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I'm a user primarily of Plain TeX. Lately I get annoyed about the \outer nature of \newcount, especially when I write macros which require temporary internal variables, variables which really need not be global. I'm aware that I can technically use \count0 through \count9 as scratch variables, but I got scared away from doing so when The TeXbook mentioned that those are also used as page counters, and how using them when a page shipout gets triggered can mess up page numbering.

So, my question is this: why is \newcount declared \outer? I've check that names created with \countdef can indeed be locally scoped within groups, and I know that changes to \count registers are likewise locally scoped. So why was it that Knuth chose to tag \newcount with the \outer restriction? And would there be anything preventing me from defining my own \countdef-based allocator, specifically one that would allow for group-local names.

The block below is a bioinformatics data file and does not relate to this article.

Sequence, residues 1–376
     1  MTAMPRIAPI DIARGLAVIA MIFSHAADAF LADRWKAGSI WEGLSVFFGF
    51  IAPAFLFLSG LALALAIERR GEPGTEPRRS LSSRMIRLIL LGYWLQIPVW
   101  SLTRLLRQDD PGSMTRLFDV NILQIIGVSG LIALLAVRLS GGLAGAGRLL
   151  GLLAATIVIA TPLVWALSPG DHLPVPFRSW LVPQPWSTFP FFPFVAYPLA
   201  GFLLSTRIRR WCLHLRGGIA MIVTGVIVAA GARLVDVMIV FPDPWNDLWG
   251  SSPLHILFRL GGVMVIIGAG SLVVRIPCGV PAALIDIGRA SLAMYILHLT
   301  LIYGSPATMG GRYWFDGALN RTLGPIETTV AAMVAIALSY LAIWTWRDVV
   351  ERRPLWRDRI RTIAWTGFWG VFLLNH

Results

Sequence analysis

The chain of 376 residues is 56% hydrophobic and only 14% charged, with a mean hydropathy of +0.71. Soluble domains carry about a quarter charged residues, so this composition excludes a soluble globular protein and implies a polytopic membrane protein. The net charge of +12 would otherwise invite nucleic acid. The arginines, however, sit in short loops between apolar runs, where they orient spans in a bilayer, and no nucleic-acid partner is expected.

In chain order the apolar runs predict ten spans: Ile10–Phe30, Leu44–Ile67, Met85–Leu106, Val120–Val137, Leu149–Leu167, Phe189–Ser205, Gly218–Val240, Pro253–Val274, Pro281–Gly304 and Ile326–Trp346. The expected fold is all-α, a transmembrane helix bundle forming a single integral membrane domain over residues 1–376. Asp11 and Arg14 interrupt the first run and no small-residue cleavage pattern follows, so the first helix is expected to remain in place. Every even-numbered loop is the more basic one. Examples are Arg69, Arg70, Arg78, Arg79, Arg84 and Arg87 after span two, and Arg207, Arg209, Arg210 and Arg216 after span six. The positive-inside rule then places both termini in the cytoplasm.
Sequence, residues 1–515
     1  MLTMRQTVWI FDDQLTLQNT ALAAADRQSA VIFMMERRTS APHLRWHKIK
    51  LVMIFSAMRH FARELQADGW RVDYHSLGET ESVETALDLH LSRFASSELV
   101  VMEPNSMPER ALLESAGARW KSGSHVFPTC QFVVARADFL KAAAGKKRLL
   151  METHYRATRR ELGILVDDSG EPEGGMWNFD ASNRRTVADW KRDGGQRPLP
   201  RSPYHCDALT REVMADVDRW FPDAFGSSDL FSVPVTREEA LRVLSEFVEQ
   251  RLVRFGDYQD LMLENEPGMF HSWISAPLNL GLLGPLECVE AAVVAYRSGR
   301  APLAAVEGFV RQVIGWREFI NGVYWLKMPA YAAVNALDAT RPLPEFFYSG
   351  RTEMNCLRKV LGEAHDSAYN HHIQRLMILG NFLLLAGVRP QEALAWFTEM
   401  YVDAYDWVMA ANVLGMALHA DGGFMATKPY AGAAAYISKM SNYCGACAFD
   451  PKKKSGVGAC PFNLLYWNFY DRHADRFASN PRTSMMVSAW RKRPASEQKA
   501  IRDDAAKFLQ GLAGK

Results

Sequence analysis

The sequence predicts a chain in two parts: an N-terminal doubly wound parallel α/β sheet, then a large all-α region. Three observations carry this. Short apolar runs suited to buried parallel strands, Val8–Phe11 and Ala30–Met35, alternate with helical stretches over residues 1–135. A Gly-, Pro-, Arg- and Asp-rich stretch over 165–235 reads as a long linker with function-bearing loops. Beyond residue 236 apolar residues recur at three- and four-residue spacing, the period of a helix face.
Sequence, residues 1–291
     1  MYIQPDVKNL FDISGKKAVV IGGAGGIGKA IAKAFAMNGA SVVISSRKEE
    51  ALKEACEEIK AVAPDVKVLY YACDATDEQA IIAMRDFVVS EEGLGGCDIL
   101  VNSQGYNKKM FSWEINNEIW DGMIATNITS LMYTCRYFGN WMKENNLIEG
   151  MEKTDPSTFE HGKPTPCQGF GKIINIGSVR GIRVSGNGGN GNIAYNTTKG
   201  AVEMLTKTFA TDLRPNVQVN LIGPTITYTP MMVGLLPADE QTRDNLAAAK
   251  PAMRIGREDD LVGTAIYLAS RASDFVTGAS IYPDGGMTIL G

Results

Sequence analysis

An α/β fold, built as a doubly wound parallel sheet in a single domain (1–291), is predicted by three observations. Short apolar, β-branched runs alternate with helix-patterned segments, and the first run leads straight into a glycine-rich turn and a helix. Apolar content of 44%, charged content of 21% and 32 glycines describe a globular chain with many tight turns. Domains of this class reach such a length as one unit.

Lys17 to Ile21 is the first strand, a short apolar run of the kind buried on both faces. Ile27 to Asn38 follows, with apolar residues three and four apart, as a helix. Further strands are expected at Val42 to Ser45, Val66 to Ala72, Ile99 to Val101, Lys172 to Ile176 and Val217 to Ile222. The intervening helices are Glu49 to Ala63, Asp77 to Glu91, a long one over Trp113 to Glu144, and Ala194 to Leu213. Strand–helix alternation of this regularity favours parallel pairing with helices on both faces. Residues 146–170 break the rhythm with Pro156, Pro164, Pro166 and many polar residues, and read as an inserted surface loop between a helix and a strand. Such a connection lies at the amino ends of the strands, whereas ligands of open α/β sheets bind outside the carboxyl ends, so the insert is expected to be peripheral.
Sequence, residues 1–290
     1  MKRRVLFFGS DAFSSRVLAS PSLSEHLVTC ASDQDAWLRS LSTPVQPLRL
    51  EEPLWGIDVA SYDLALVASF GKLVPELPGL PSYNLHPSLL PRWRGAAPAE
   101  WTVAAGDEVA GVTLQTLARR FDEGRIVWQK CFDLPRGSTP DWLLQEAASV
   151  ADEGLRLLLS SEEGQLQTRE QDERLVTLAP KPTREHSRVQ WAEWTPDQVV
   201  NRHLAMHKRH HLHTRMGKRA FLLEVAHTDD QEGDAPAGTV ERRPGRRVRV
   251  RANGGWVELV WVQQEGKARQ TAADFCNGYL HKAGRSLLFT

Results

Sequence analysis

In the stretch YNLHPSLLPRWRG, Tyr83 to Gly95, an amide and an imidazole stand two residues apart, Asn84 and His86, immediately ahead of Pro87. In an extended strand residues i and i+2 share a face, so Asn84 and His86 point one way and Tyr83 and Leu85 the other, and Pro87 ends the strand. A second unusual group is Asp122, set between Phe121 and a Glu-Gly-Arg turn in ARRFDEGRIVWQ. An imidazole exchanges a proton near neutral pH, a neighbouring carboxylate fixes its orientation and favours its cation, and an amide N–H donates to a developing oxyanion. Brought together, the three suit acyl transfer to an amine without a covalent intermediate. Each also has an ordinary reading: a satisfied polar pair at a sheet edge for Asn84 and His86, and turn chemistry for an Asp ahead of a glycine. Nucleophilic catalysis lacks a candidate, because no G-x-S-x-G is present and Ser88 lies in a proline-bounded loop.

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Probably only DEK can answer 'why': we can at best manage 'what effects ...' :-) – Joseph Wright Apr 28 '14 at 6:30
Because TeX is a bad programming language and doesn't have concepts like variables or scoped functions. You have to leave your expectations from other languages' best practices at the door. – Ryan Reich Apr 28 '14 at 17:12
up vote 11 down vote accepted

At a technical level, making a macro \outer doesn't add anything: it's purely a restriction (much the same as \def is a subset of \long\def). Thus the reasoning here is about ensuring the input follows a particular pattern.